K(Mg,Fe)3(Al,Fe)Si3O10(OH,F)2, monoclinic Tabular or short prismatic crystals or foliated masses; perfect cleavage so that it may be separated into thin sheets. Dark green, brown to black. A common accessory mineral in igneous rocks and some gneisses and schists.

Boise, Custer and Elmore Counties: Biotite appears to be rare in the granite of the Sawtooth Mountains. Most of the dark mica group minerals are masutomilite or zinnwaldite. The dark mica in one cavity apparently has proven to be biotite, and may be present in others. In this cavity, it forms small books and flakes with microcline, albite and smoky quartz.

Lemhi County: Biotite forms well-developed rosettes in the cobalt mines in the Blackbird District. It is a common rock-forming mineral in the host rocks of the ore deposits. Fine specimens have been found in the Togo Mine (Shannon, 1926).


Lanny Ream has been interested in minerals all his life and carried an early interest in minerals, rocks and fossils with him to college, earning a Masters Degree in Economic Geology. After working for several years as a mineral exploration geologist, then as a geologist and mineral examiner for the Bureau of Land Management and US Forest Service, Lanny decided to continue working with mineral-related subjects, including the founding and publishing of Mineral News, a monthly newsletter for mineral collectors, which he edited and published for more than 18 years before selling it. He continues to explore and write about mineral localities of the Pacific Northwest with an emphasis on the mineralogy of the states of Idaho and Montana.

This second edition of Idaho Minerals is the result of an additional 15 years of studying the mineralogy of Idaho after publishing the first edition in 1989. This volume shows his dedication to this subject by the addition of many minerals identified for the first time in Idaho due to his field work and studies.

Other books by the author include the guide to Washington minerals and lapidary materials, now in its 28th year of publication: Gems and Minerals of Washington; Northwest Volcanoes (a guide to volcanoes in the Northwest states and British Columbia and Gem and Mineral Collectorâs Guide to Idaho.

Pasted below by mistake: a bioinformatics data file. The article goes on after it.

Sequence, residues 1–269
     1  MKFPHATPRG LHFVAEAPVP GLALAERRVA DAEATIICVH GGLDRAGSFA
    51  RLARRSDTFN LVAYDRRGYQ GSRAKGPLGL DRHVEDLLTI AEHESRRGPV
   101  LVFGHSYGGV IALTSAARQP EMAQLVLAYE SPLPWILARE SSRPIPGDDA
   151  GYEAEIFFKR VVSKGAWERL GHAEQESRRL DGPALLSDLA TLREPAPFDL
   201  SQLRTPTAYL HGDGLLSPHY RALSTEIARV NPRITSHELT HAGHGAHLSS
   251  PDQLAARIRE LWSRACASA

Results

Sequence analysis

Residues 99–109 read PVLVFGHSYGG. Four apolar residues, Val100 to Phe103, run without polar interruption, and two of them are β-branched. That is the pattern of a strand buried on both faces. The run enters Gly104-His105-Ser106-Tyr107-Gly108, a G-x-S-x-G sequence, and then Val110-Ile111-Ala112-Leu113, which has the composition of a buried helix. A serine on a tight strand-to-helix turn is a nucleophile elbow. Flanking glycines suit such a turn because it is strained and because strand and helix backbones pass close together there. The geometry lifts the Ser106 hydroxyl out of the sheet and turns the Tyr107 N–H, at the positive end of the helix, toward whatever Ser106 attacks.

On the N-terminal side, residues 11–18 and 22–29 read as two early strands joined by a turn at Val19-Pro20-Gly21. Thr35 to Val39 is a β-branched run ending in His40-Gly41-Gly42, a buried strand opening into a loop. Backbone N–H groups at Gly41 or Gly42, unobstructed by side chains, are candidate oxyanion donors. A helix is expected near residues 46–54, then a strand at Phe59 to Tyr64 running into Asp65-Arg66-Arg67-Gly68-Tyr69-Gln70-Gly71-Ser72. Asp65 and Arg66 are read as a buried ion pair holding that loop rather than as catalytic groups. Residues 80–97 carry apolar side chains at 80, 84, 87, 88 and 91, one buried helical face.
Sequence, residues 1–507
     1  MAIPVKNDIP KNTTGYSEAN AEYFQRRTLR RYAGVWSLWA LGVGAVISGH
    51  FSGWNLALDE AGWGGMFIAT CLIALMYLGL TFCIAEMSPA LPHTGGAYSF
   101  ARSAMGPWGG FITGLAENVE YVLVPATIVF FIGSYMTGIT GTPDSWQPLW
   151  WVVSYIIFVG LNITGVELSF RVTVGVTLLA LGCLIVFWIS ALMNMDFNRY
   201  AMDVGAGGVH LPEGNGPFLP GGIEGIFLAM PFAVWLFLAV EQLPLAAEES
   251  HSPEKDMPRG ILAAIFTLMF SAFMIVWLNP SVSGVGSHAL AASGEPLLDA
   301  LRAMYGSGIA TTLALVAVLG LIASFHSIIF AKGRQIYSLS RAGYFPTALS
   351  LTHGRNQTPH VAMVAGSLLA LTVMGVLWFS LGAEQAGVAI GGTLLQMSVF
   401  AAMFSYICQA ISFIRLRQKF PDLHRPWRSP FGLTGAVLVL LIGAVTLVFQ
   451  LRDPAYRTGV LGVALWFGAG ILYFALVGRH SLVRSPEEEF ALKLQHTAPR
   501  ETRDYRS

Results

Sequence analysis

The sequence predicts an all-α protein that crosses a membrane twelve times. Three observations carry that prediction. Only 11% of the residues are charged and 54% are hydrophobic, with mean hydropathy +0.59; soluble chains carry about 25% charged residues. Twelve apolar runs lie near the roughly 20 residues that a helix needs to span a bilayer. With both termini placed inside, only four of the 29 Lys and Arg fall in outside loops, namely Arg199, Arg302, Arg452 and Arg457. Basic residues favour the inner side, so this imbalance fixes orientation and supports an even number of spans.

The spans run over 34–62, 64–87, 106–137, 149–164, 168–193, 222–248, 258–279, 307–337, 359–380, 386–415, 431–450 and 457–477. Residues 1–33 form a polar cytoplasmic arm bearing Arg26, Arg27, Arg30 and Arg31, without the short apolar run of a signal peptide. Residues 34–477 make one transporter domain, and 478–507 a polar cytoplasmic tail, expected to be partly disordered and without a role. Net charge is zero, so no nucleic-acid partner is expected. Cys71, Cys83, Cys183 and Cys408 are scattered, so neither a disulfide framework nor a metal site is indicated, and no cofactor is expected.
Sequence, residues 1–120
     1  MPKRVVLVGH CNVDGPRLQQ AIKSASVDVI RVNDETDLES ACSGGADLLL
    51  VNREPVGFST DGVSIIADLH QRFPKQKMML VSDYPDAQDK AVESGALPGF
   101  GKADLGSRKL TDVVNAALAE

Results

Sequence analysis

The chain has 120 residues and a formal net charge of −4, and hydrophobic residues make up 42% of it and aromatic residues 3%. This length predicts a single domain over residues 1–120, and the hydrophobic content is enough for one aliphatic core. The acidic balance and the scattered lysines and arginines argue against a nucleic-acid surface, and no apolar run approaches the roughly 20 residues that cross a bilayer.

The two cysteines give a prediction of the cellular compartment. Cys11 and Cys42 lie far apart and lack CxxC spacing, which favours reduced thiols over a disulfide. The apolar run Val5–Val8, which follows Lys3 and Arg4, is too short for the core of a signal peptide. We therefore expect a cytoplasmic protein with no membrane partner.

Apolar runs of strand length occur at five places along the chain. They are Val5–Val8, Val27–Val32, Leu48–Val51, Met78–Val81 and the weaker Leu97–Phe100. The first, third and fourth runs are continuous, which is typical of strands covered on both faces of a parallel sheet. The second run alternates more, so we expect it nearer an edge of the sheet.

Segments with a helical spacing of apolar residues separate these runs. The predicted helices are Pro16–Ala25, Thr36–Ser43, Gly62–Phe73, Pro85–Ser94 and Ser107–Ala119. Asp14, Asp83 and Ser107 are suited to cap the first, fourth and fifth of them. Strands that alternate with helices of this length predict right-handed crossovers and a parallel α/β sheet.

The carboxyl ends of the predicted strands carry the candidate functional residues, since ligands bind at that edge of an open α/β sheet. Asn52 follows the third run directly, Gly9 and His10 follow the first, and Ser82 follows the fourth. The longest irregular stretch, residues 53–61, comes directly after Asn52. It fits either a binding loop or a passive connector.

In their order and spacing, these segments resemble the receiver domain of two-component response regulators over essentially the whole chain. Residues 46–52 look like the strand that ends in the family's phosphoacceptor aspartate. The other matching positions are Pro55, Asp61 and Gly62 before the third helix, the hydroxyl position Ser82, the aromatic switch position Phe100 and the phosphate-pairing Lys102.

". . .the definitive work on the minerals of Idaho. . ."
"Lanny Ream has produced the definitive work on the minerals of Idaho. The book is well organized with ample descriptions of each mineral species. Color photographs illustrate a good variety of the modes of occurrence of many of the minerals described. The list of occurrences is nicely filled with "interesting tidbits" as well as associated minerals from each of the locations described.
A worthwhile addition to any mineral collectors library, a must have for those interested in minerals of the Pacific Northwest."


Part 1. Locality Chapters
1. Coeur d'Alene Mining District / 1
2. Blackbird Mining District / 19
3. Sawtooth Mountains / 29
Part 2. Mineral Descriptions
A. Acanthite - Azurite / 62
B. Barite - Brookite / 81
C. Calcite - Cyanotrichite / 101
D. Delafossite - Duftite / 134
E. Elbaite - Evansite / 138
F. Fayalite - Friebergite / 143
G. Gadolinite-(Ce) - Gyrolite / 153
H. Halloysite - Hydrozincite / 181
I. Ilvaite / 190
J. Jamesonite - Joseite / 191
K. Kainsoite-(Y) - Kyanite / 194
L. Labradorite - Ludwigite / 196
M. Magnesioferrite - Muscovite / 202
N. Natrolite - Nitratine / 220
O. Offretite - Owyheeite / 224
P. Palygorskite - Pyrrhotite / 229
Q. Quartz / 255
R. Realgar - Rutile / 264
S. Safflorite - Sylvanite / 267
T. Tacharanite - Tyrolite / 293
U. Unknown - Uranophane / 308
V. Valentinite - Volborthite / 309
W. Wardite - Wurtzite / 314
X. Xanthoconite - Xenotime-(Y) / 319
Z. Zalesiite - Zoisite / 320
Bibliography / 323
Mineral and Locality Index / 332